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Forward vs. Foreword:

I just noticed that "foreword" is surprisingly often miswritten "forward," even in cite-checked and edited law review articles.

One data point: The Harvard Law Review's yearly Supreme Court issue contains "Foreword" articles, which are almost always by top legal scholars and often end up being heavily cited. They are also generally labeled "The Supreme Court, [year] Term: Foreword -- [Title]." Searching for "Term Foreword" pre/20 "Harv. L. Rev." and date(> 1/1/2000) through the LAWREV;ALLREV file in Lexis reveals 1795 citing articles. But running the same search for "Term Forward" ... reveals 179, with virtually no false positives. That's a much higher error rate than I would have expected.

Of course, one day "forward" might become common enough to be a perfectly acceptable synonym for "foreword." (I hope not, but it might happen; many perfectly acceptable words today were once errors.) But this day hasn't yet come, and certainly the dictionaries don't suggest that it has come. Plus in any event, when you're citing a document with "Foreword" in its title, "Foreword" is what you should use. So be careful out there.

mwah:
When it's misspelled in the original's title, I assume you "misspell" it in the citation?
4.14.2009 1:15am
Thoughtful (mail):
Very foreword of you to correct us all...
4.14.2009 1:33am
Syd Henderson (mail):
A similar thing happened with "forego" (to precede) and "forgo" (to do without).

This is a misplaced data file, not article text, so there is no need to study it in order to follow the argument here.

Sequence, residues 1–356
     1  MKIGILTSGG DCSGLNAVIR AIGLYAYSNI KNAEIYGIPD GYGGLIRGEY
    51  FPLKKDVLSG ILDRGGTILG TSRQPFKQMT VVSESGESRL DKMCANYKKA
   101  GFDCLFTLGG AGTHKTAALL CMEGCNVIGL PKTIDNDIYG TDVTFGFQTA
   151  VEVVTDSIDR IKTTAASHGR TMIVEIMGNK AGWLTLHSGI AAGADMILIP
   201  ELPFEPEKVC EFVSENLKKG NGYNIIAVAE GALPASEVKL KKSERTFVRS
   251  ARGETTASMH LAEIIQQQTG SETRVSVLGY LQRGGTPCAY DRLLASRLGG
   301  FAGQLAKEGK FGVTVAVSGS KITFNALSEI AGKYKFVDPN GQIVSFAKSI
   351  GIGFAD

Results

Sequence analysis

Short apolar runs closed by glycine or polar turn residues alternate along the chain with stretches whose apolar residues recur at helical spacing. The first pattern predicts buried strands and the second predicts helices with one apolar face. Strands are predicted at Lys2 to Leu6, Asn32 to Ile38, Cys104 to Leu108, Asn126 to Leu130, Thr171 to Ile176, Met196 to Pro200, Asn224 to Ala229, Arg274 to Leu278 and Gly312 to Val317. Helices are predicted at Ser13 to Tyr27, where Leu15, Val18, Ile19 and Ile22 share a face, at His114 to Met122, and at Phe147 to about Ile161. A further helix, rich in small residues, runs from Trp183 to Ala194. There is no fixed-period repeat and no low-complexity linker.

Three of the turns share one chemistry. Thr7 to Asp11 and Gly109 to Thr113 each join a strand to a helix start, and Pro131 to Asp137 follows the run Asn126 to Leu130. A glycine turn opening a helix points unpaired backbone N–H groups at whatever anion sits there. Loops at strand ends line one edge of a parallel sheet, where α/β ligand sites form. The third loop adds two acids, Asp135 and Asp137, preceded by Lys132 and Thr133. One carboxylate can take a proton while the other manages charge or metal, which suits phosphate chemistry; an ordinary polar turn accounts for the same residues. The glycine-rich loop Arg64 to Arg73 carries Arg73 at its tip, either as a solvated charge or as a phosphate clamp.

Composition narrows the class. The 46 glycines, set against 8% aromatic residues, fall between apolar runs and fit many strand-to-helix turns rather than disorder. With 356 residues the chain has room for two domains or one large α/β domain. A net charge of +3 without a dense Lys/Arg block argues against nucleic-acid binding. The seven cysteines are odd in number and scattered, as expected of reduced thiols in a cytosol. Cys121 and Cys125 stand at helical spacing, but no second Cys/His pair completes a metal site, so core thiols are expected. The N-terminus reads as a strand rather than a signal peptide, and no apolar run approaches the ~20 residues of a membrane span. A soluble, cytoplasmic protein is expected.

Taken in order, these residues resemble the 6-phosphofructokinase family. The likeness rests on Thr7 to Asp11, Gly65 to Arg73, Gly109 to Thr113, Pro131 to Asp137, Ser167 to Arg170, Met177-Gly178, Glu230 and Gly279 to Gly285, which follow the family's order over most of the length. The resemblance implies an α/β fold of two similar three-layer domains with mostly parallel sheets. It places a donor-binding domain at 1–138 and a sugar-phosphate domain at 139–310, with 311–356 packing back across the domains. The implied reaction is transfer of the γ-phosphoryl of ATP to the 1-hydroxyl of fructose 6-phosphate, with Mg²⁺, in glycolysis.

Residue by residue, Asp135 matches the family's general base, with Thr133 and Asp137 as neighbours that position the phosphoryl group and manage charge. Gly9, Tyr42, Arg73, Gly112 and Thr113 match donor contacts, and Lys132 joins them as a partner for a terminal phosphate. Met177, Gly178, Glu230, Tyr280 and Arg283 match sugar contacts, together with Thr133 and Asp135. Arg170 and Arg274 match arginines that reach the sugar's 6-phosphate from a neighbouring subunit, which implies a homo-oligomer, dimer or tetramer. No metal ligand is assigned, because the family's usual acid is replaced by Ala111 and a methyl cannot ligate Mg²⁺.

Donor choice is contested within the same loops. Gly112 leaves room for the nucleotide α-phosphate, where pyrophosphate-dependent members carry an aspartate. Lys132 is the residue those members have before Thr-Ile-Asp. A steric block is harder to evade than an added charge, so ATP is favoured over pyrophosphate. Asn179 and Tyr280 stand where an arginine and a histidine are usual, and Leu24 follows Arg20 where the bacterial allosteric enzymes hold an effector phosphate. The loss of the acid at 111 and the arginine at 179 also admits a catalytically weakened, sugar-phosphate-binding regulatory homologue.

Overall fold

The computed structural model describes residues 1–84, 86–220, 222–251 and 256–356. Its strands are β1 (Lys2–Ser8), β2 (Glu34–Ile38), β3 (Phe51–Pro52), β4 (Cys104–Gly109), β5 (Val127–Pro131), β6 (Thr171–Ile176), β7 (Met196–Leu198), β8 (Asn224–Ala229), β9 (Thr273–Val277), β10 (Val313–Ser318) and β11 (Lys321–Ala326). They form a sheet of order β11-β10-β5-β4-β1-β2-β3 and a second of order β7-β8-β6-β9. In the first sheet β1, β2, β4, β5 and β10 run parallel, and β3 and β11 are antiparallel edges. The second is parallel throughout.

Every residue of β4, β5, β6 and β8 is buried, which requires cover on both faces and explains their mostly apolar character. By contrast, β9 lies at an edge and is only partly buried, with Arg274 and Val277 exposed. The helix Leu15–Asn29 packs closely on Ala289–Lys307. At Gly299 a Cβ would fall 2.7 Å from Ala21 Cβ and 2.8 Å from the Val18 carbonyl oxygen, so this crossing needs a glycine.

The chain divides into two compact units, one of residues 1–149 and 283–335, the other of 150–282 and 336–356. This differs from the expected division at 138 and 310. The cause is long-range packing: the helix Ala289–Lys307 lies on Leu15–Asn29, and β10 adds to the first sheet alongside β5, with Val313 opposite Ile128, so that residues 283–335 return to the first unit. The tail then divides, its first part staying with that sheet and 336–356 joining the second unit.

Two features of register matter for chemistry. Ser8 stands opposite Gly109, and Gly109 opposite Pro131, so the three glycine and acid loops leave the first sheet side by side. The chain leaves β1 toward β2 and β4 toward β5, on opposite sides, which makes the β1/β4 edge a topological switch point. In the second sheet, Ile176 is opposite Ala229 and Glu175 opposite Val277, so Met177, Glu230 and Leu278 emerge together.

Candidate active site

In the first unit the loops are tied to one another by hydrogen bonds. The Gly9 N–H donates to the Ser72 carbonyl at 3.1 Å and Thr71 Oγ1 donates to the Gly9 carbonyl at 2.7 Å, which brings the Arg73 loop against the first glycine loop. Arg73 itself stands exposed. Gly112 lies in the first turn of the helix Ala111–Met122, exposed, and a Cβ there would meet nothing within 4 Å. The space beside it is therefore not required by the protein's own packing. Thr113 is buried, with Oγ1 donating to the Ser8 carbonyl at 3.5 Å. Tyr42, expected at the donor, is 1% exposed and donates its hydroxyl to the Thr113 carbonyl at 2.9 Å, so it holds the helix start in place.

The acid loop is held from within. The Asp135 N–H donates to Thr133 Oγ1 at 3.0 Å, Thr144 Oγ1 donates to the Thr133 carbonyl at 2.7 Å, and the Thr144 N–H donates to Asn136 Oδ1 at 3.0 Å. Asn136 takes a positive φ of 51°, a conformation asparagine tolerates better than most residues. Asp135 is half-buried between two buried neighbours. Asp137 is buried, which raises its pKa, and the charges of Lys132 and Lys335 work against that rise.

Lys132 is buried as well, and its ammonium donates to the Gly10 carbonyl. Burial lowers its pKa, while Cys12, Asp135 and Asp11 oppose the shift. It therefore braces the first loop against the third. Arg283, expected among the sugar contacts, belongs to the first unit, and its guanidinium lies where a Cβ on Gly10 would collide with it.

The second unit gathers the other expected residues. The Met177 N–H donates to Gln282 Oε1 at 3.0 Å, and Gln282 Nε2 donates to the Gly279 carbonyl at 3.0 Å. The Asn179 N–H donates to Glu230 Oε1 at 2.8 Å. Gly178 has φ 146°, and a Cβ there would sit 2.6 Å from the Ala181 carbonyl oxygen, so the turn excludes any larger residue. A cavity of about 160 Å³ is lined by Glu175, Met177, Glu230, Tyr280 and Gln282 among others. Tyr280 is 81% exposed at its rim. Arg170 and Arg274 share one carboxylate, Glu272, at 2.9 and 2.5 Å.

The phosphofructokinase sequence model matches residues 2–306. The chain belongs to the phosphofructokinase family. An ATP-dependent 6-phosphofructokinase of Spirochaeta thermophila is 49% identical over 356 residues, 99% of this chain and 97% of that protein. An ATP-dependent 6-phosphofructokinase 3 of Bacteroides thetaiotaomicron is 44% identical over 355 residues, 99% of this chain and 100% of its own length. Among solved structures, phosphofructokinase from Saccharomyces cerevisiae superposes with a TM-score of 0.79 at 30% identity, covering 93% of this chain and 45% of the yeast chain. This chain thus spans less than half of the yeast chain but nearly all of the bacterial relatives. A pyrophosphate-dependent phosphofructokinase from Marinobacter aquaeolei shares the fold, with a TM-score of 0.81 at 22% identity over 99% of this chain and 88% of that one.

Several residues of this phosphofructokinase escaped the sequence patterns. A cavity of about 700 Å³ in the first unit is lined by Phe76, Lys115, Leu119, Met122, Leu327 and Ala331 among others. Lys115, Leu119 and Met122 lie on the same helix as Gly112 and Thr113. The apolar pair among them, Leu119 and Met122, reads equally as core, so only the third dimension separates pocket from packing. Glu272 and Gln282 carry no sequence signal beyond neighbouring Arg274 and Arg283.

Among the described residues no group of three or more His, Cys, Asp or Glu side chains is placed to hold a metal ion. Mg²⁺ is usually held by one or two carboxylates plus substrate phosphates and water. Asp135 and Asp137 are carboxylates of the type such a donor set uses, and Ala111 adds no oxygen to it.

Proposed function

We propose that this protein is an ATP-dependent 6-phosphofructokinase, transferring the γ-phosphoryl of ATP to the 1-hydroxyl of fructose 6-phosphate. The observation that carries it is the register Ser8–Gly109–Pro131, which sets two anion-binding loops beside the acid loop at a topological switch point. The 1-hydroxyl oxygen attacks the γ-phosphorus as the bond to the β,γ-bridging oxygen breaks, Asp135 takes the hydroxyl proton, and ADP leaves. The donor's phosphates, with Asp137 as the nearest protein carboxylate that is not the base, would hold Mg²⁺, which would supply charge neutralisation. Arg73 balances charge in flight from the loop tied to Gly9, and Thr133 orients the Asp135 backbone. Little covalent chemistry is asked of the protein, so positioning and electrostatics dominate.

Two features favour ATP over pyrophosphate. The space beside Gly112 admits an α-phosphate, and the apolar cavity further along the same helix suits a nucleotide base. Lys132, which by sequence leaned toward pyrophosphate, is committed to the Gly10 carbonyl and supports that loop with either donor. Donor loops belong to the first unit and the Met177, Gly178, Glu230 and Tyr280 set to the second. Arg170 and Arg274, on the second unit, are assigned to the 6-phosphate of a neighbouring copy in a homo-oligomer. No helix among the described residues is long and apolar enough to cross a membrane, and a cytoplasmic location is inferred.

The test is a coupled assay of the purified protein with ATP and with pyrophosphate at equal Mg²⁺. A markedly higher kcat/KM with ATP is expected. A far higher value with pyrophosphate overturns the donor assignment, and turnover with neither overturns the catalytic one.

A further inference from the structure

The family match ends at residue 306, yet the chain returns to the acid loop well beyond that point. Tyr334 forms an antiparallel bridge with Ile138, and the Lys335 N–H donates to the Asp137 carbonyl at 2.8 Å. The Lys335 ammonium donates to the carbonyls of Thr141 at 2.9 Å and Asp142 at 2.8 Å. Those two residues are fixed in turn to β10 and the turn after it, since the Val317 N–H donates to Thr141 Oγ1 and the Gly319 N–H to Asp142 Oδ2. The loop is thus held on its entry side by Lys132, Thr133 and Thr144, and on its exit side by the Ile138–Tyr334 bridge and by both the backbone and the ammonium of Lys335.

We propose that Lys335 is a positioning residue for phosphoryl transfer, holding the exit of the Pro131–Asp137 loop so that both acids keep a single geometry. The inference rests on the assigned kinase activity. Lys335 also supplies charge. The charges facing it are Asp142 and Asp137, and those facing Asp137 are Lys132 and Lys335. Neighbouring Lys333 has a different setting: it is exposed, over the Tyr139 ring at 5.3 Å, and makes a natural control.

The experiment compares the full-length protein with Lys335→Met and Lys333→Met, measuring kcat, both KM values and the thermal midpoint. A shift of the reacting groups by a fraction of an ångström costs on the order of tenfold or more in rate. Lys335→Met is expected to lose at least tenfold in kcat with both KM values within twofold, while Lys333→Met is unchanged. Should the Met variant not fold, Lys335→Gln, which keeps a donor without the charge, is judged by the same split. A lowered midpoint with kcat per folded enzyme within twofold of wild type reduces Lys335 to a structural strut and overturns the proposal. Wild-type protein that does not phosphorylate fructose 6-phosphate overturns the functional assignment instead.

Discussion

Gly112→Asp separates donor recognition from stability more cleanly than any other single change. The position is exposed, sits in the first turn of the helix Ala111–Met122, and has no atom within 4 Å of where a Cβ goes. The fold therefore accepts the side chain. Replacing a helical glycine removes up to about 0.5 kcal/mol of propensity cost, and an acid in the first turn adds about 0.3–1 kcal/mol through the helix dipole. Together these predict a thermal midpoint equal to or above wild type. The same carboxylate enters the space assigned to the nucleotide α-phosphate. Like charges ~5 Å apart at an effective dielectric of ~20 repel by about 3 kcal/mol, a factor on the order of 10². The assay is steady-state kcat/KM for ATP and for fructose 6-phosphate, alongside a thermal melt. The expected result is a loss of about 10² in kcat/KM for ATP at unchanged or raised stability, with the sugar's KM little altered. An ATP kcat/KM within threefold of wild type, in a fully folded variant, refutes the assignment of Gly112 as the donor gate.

4.14.2009 2:34am
Another Kevin (mail):
Of course, פֿאָרווערטס (yiddish.forward.com) is a document with 'Forward' in its title.
4.14.2009 5:58am
corneille1640 (mail):
Syd Henderson:

A similar thing happened with "forego" (to precede) and "forgo" (to do without).

Yikes! If you're right, then I've been making a bad mistake in my writing. Unfortunately, I'm too lazy to look it up, so I'll just take you're word for it.
4.14.2009 7:35am
corneille1640 (mail):
Errr....I realize now what you meant. Please ignore my first comment.
4.14.2009 7:35am
Tracy Johnson (www):
Far be it to be froward with your forewards.
4.14.2009 9:24am
jfalk:
The first time I saw this error in a document produced at work I argued that it was there on purpose to tell readers the book was in English, not Hebrew, as a guide to directional comprehension.
4.14.2009 10:00am
ShelbyC:
What are you folks talking about? If it doesn't have a red squiggle it's spelled correctly.
4.14.2009 10:15am
SteveinTX (mail):
I can't fully trust anyone who only knows one way to spell a word.


SteveinTX
4.14.2009 10:31am
The Unbeliever:
ShelbyC wins the thread.
4.14.2009 10:35am
one of many:

Of course, פֿאָרווערטס (yiddish.forward.com) is a document with 'Forward' in its title.

But that is deliberate, it is the use of the adjective/adverb "forward" (direction of motion) instead of the noun "foreword" (preface) which makes me wonder if some of the uses Prof. V uncovered might be deliberate "forward"s. I also wonder how many of those "forward"s are transcription/spell-check errors introduced by typists indexing pre-digital forewords instead of a shift in usage (see this indexing of which also includes the mysterious word "adn").
4.14.2009 11:49am
Sean O'Hara (mail) (www):
What, no comment about how "foreword"/"prologue" and "afterword"/"epilogue" have the exact same literal meanings but are used differently? You're slipping Eugene.
4.14.2009 4:22pm

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